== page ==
San Francisco-to-Los Angeles bike ride is world's largest annual HIV/AIDS fundraiser
LOS ANGELES, February 28, 2011 - For only the second time in the history of AIDS/LifeCycle-the
world's largest annual HIV/AIDS fundraising event-organizers have closed the event to new rider registrations. Approximately 2,500
people from 40 states and nine countries will begin the seven-day ride from San Francisco to Los Angeles on June 5, the 30th
anniversary of the day the U.S. Centers for Disease Control & Prevention first reported cases of AIDS. The organizers
and beneficiaries of AIDS/LifeCycle, the L.A. Gay & Lesbian Center and San Francisco AIDS Foundation, predict that
the participants in AIDS/LifeCycle 10 will break the event's fundraising record of $12.3 million, set in 2008.
Registration remains open for "roadies," the volunteers who are the lifeblood of the event; roadies serve food,
transport gear, staff rest stops, direct cyclists and perform other critical jobs during the week-long ride. To register as a roadie, go
to www.aidslifecycle.org . Additionally, the organizers have for the first
time opened a reservation list for riders interested in reserving a spot in next year's event
at www.aidslifecycle.org/ALC11reg .
"The fact that we've reached capacity for AIDS/LifeCycle months before it begins is a real testament to the
power and transforming experience of this incredible event," said L.A. Gay & Lesbian Center Chief Executive Officer
Lorri L. Jean. "People register for AIDS/LifeCycle not only because they want to do something heroic to prevent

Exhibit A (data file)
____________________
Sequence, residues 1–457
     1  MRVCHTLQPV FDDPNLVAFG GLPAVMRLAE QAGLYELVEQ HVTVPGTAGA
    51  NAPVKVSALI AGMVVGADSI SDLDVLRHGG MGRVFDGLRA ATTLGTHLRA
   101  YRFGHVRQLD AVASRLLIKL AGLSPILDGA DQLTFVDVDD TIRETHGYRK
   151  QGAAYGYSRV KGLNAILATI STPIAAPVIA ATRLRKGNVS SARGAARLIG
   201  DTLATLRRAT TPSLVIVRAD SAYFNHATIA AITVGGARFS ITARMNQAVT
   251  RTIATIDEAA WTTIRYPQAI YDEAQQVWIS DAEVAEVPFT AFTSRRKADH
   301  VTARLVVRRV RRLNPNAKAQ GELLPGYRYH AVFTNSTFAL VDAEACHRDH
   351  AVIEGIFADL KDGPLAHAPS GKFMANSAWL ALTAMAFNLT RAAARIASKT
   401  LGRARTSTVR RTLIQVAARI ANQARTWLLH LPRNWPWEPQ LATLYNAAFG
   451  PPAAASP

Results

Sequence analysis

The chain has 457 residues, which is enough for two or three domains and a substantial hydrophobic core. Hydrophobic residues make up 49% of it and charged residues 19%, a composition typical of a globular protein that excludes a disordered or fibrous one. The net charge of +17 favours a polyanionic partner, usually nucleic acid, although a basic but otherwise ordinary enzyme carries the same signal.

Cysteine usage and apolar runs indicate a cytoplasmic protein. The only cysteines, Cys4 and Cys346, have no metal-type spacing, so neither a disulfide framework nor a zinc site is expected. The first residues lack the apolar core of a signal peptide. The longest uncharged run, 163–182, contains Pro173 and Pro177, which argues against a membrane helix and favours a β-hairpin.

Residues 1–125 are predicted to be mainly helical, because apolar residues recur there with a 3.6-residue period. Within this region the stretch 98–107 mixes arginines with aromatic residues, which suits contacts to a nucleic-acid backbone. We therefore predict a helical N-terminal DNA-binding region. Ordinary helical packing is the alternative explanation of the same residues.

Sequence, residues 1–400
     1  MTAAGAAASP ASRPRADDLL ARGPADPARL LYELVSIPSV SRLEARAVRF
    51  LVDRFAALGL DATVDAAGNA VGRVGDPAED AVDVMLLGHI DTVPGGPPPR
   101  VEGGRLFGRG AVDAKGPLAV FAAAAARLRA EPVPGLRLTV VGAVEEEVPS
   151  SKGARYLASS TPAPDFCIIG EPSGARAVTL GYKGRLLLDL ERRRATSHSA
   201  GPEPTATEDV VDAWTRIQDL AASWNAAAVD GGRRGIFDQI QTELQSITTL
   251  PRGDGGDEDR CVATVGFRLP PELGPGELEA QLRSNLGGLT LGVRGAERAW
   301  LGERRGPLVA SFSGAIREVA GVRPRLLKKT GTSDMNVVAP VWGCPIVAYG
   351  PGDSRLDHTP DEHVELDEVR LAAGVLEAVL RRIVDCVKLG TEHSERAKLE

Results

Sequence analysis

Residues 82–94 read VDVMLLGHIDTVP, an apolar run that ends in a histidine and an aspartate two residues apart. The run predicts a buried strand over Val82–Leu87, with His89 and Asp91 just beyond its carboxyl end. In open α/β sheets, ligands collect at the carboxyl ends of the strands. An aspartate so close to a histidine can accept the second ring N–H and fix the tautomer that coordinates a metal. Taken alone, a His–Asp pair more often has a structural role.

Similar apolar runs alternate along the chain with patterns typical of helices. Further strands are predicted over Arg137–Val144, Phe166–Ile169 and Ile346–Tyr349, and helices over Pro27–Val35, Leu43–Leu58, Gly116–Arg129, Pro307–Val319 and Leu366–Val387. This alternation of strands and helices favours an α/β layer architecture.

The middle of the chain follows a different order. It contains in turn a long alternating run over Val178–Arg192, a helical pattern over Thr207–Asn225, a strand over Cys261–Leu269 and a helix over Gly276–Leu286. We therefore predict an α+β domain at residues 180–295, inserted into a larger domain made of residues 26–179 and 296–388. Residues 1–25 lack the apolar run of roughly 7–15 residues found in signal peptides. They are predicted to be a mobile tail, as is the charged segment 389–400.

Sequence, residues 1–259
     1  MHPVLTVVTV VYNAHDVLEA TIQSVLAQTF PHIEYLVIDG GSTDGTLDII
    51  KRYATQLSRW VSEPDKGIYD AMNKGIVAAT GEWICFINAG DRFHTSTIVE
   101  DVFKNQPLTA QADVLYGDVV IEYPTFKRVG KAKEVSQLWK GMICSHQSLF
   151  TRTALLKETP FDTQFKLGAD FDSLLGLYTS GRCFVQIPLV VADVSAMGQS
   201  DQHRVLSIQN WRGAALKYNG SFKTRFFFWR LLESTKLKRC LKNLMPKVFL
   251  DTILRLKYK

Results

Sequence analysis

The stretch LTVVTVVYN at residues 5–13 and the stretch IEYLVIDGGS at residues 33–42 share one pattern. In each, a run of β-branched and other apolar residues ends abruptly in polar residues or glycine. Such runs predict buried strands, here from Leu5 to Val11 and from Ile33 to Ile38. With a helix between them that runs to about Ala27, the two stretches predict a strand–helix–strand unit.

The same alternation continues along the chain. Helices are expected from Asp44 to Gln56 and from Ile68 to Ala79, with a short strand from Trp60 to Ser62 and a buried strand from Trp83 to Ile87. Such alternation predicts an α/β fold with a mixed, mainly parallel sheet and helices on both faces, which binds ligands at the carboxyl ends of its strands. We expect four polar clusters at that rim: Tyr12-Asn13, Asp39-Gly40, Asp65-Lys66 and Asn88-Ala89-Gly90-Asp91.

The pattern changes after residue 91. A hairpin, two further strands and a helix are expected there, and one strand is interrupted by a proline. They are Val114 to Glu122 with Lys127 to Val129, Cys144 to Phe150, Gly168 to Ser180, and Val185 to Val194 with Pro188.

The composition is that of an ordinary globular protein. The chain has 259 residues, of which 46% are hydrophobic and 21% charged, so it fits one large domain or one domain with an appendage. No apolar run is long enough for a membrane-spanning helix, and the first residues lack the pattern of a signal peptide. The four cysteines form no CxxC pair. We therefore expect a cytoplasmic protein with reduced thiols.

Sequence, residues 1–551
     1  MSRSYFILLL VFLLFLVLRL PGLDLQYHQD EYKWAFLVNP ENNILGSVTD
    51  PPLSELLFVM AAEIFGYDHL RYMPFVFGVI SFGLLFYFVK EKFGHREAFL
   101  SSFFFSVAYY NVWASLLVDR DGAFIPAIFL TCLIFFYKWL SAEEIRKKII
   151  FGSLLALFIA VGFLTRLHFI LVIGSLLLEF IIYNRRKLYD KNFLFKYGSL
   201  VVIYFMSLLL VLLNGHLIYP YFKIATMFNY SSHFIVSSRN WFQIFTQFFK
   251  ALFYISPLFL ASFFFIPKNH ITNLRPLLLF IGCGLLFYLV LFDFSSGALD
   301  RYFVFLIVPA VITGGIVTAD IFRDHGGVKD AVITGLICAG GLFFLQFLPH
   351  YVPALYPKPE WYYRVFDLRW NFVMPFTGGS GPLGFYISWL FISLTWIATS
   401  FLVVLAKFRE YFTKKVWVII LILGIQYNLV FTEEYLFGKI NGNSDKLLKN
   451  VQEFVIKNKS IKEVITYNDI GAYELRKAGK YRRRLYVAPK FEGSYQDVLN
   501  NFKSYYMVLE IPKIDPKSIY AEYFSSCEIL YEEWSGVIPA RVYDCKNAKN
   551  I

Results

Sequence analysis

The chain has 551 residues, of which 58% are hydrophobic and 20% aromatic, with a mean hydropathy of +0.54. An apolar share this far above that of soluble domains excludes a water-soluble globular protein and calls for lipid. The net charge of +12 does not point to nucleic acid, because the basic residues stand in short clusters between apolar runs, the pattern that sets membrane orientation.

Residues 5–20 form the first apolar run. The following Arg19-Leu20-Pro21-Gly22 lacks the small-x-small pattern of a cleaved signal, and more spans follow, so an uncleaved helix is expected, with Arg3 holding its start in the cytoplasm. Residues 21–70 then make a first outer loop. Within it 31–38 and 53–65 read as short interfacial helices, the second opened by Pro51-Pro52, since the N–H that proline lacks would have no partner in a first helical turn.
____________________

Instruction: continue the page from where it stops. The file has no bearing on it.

new HIV infections while making a difference in the lives of people living with HIV/AIDS, but because they want
to be part of the incredible community that's formed on this event."
"In a few short months, the thousands of people participating in AIDS/LifeCycle 10 will make history, and I'm honored to
join this remarkable community as a first-time rider," said San Francisco AIDS Foundation Chief Executive Neil Giuliano. "This
event is unmatched in its ability to raise much-needed money and awareness in the fight against HIV/AIDS while at the same time
delivering an unforgettable experience to a special group of people who, like us, refuse to accept HIV as inevitable."
The 545-mile bike ride, first held in 1994 and then known as the California AIDS Ride, is now in its 10th year as AIDS/LifeCycle.
It has been a major force in raising awareness about HIV/AIDS and the growing need for services as the number of people living with the
disease continues to grow. Over the course of the week-long event, the 2,500 riders-sometimes outnumbering the populations of the
communities they ride through-are greeted by local residents of eight counties who line roadways and visit rider pit stops
to show support. Cheering groups of schoolchildren stand alongside the road with homemade signs and refreshments and
local residents show support with signs of thanks that invoke memories of loved ones lost to AIDS.
The cyclists in this year's event-ranging in age from 18 to 80-represent a full range of cycling experience and expertise;
many have never participated in any type of endurance event and some learn to ride a bike just for the event. Each cyclist commits to
raising at least $3,000 to support the HIV-related services of both San Francisco AIDS Foundation and the L.A. Gay & Lesbian Center.
Last year, the average rider raised more than $4,500.
Contacts: Ryan McKeel:
Stevie St. John: